Team Sky’s Danny van Poppel won the second stage of the 2016 Tour de Yorkshire, after Kirsten Wild won the women’s race, with technical issues meaning neither race was fully televised as planned.
A historic day in Yorkshire cycling history saw two Dutch riders named winners of their respective races.
Danny van Poppel won the second stage of the 2016 Tour de Yorkshire, after his compatriot Kirsten Wild took the women’s title earlier in the day.
Unfortunately, these moments were only available for those on the route to watch, as television coverage of both races was disrupted.
But, for the thousands who did line the route which took the same route for both races from Otley to Doncaster, a show of cycling splendour.
The morning belonged to Lizzie Armitstead, the local lass attracting huge crowds to the women’s race start in Otley.
It wasn’t to be her day as, just 3km from the finish line in Docaster, world champion Armitstead’s long breakaway was swallowed up by the chasing pack, allowing the 33-year-old Kirsten Wild to take the prize.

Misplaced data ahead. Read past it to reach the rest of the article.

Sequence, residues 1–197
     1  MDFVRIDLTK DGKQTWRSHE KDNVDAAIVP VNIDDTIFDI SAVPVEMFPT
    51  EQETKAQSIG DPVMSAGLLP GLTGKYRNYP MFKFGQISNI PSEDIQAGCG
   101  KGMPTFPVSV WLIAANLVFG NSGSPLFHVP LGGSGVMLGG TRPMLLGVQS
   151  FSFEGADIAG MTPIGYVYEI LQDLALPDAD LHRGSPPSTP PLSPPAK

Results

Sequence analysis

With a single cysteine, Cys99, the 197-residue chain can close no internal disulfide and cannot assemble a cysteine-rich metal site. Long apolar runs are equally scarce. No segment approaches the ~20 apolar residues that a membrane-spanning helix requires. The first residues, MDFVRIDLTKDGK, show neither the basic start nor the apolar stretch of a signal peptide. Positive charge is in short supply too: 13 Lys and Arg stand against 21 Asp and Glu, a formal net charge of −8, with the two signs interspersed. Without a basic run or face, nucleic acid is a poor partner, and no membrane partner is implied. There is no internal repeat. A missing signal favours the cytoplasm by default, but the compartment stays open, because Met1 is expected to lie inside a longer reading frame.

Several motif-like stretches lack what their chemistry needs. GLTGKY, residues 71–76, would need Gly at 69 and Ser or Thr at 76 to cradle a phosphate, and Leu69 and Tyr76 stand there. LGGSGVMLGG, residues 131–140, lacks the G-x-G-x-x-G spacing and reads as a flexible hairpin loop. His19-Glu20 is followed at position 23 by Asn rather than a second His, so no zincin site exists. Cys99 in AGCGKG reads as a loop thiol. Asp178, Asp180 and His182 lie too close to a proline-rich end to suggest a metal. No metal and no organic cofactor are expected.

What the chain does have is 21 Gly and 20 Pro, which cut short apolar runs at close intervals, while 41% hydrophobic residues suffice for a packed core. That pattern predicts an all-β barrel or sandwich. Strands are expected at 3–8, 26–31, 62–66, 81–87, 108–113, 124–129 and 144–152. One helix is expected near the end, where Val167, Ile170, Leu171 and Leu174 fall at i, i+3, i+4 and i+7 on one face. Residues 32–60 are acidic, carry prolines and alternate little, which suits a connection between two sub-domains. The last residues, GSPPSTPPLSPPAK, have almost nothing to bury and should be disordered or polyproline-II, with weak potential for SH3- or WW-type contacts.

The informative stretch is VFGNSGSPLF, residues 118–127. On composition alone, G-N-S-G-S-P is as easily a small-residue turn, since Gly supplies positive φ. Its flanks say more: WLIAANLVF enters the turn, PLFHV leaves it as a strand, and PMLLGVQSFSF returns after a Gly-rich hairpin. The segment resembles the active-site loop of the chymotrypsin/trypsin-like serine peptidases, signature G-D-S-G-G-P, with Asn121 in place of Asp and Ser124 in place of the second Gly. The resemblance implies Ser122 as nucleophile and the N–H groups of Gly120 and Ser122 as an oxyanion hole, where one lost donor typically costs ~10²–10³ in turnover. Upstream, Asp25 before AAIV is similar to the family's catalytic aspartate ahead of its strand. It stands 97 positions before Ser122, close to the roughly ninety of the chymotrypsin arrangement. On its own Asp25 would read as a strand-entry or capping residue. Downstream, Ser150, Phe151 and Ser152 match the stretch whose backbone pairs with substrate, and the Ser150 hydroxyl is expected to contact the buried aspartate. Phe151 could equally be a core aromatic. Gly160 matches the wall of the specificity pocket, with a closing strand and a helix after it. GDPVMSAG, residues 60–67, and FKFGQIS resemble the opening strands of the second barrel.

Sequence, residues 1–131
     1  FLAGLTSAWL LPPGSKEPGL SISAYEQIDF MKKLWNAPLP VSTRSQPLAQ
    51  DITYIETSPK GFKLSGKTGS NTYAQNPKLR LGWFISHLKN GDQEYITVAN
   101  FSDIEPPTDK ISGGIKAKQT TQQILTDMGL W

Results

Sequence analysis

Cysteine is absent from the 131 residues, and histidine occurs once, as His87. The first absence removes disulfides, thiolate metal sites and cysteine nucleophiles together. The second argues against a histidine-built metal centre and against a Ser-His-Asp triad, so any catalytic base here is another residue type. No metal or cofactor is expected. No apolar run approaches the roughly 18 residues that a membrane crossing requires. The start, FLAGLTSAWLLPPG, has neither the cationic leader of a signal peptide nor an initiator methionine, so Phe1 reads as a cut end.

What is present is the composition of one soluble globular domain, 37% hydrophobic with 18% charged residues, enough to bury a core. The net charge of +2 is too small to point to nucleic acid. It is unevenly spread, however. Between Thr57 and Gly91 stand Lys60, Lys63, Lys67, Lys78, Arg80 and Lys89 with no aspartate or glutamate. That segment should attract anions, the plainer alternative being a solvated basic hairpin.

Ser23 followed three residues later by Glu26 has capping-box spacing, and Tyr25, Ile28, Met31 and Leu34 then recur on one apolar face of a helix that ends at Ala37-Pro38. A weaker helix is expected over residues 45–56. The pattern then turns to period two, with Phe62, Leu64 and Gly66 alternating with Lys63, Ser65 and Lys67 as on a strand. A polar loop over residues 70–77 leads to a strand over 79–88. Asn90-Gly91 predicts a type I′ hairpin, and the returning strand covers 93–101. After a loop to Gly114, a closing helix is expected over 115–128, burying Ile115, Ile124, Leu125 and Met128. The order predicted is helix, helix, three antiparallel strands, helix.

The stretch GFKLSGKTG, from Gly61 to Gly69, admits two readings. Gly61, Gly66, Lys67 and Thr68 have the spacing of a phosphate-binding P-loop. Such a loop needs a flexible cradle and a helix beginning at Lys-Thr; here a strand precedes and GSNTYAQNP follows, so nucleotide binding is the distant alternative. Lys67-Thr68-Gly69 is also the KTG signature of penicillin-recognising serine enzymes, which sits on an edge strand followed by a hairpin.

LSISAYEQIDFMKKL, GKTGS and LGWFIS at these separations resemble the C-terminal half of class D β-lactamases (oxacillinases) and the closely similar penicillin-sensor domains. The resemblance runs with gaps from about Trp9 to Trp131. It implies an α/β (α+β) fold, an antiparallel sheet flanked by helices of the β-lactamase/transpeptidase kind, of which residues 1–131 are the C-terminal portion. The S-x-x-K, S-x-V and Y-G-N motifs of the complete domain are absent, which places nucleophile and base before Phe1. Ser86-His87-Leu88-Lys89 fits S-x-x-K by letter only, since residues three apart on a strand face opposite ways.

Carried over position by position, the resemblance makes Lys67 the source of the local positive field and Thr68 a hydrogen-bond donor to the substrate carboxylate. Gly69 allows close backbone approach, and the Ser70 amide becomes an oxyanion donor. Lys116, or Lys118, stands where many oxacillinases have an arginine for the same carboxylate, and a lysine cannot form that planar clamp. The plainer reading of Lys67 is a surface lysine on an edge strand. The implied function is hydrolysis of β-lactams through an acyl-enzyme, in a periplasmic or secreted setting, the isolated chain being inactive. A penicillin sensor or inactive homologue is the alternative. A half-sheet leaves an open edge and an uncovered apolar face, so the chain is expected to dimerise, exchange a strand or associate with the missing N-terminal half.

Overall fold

Cementing its status as a hotspot for cycling enthusiasts, attention in a sunny Otley soon turned to the beginning of the men’s event.
Team Sky’s Danny Van Poppel won by a photo-finish over reigning blue jersey wearer Dylan Groenewegen in a quite thrilling sprint finish on day two of the Tour de Yorkshire in Doncaster.
Van Poppel won the 135km stage from Otley by the narrowest of margins, squeezing his wheel ahead of Groenewegen’s in the teeming rain on South Parade.
It was a stirring finale and just rewards for the thousands who had waited by the finish line in deteriorating conditions, for the day’s second instalment of world class cycling.
Earlier, Kirsten Wild won the Asda Women’s Tour de Yorkshire in a similarly dramatic sprint finish to clinch the richest prize in the history of women’s cycling, denying Yorkshire heroine Lizzie Armitstead in the process.
Groenewegen’s second place in the men’s race means he retains the leader’s blue jersey going into the third and final day, a testing 198km slog from Middlesbrough to Scarborough on Sunday.